• Potentials for Taking a Strategic Role for Sustainable Sociability; in: Grinin, Leonid E./Ilyin, Ilya V./Herrmann, Peter/Korotayev, Andrey V. (eds.), 2017: Global Evolution, Historical Globalistics and Globalization Studies; Lomonosov Moscow State University, Faculty of Global Studies/Russian Academy of Science, Institute of Oriental Studies/The Eurasian Center for Big History and System Forecasting International center for education and social humanity research; Volgograd: Uchitel: 349-364
  • Csoba J., Herrmann P. “Losers, good guys, cool kids” the everyday lives of early school leavers. Monitoring of Public Opinion : Economic and Social Changes. 2017. No 6. P. 276—293. DOI: 10.14515/monitoring.2017.6.15
  • Erinnerung an Paul Boccara; in: Sozialismus. Monatlich Hintergründe, Analysen und Kommentare; Heft Nr. 1 | Januar 2018 | 45. Jahrgang | Heft Nr. 425: 64
  • Art, recherché, création et politique; À la mémoire de Paul Boccara; in : Economie & Politique ; Novembre/Décembre 2017 ; no 760/761: 30
  • Nationale Entwicklungen im Bereich Sozialer Sicherheit und des Sozialschutzes in Irland. 2017-18 – Jahresbericht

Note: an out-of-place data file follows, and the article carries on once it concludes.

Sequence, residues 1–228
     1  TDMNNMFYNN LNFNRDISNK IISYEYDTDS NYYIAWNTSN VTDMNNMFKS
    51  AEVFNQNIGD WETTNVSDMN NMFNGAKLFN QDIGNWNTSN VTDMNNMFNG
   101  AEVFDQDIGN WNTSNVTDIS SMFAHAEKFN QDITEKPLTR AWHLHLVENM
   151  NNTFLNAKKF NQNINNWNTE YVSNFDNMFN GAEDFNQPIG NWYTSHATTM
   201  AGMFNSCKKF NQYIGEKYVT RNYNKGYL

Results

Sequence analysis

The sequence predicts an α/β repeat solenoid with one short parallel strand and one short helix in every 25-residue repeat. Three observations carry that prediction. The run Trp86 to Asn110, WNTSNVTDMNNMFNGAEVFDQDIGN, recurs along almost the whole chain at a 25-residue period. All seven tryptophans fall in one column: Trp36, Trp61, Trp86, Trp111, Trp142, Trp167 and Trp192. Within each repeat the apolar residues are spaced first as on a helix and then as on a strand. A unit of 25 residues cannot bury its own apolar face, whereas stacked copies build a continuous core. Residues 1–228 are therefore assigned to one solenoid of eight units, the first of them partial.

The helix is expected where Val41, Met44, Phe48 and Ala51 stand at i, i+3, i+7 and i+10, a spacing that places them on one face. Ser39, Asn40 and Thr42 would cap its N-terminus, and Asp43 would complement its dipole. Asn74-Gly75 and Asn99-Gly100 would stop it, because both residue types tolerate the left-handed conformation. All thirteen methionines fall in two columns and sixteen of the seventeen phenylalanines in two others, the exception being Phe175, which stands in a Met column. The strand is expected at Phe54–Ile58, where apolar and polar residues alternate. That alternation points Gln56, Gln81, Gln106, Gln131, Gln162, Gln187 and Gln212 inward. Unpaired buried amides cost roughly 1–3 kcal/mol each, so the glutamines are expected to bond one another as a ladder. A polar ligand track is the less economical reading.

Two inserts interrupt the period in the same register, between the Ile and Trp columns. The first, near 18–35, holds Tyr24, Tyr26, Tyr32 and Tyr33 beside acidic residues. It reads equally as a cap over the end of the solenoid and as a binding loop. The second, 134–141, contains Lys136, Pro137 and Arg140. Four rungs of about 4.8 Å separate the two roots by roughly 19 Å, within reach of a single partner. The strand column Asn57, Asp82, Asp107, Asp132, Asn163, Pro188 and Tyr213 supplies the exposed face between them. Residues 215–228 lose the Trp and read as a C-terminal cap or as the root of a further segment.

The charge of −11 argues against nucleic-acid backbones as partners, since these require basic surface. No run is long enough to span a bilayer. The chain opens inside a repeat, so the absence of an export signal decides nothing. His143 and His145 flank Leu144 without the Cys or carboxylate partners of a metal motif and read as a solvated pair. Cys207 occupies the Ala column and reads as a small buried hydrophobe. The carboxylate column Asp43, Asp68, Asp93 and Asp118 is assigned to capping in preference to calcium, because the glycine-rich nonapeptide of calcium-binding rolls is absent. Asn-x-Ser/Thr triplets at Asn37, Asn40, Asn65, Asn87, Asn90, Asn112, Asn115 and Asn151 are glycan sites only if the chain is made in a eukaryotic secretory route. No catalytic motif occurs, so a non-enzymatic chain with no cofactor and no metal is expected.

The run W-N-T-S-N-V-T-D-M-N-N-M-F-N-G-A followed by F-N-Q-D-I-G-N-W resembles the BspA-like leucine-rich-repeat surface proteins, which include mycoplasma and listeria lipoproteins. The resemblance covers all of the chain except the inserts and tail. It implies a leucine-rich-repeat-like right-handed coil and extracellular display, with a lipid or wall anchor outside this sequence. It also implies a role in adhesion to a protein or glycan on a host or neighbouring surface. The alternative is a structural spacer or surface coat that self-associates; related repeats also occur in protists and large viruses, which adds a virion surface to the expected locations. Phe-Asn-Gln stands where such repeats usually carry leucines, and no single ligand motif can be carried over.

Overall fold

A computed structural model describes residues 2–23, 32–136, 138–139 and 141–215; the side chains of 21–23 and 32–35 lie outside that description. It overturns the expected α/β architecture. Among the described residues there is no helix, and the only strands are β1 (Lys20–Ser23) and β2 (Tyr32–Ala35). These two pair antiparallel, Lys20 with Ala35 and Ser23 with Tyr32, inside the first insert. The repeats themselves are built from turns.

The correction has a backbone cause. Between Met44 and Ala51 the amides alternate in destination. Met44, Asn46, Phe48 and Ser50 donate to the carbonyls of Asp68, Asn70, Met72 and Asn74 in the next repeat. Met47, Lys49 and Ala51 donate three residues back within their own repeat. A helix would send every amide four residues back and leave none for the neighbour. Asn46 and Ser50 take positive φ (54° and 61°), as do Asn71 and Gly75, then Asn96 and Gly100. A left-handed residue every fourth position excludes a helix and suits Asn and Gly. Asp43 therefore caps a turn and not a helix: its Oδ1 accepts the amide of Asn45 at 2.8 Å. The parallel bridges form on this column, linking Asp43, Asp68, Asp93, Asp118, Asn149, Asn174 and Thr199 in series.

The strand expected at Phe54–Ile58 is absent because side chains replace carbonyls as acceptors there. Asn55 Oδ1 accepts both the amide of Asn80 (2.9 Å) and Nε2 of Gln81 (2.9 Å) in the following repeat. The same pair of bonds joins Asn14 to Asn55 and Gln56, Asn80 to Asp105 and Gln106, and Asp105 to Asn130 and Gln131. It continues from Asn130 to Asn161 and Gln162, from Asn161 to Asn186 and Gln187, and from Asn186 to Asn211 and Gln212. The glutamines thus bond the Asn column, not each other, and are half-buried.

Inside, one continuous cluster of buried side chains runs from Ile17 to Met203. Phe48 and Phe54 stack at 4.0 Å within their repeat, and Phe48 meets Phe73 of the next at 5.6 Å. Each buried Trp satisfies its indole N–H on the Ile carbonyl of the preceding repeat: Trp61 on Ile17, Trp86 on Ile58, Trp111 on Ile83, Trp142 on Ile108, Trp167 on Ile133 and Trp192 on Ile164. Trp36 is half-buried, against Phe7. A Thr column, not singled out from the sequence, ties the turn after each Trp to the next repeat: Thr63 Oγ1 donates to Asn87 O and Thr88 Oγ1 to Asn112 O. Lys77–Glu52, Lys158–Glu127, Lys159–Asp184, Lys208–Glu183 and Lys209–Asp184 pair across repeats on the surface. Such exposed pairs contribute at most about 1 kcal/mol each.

• For Him Art, Research, Creation and Politics Were the Same Thing—In Memory of Paul Boccara; in: CASS: World Review of Political Economy (WRPE)
  • Precarity – it isn’t employment, it is the economy, stupid; in: ”Living standards of the population in the regions of Russia”; Moscow, forthcoming
  • Precarity – it isn’t employment, it is the economy, stupid – extended version of article mentioned before; forthcoming
  • (together withN.Bobkov/I.B. Kolmakov/E.V. Odintsov): Двухкритериальная модель социальной структуры российского общества по доходам и жилищной обеспеченности/Two-Criterion Model of the Social Structure of Russian Society by Income and Housing Security; in: Экономика региона/”Economy of region” (http://www.uiec.ru/zhurnal_yekonomika_regiona/o_zhurnale/); in print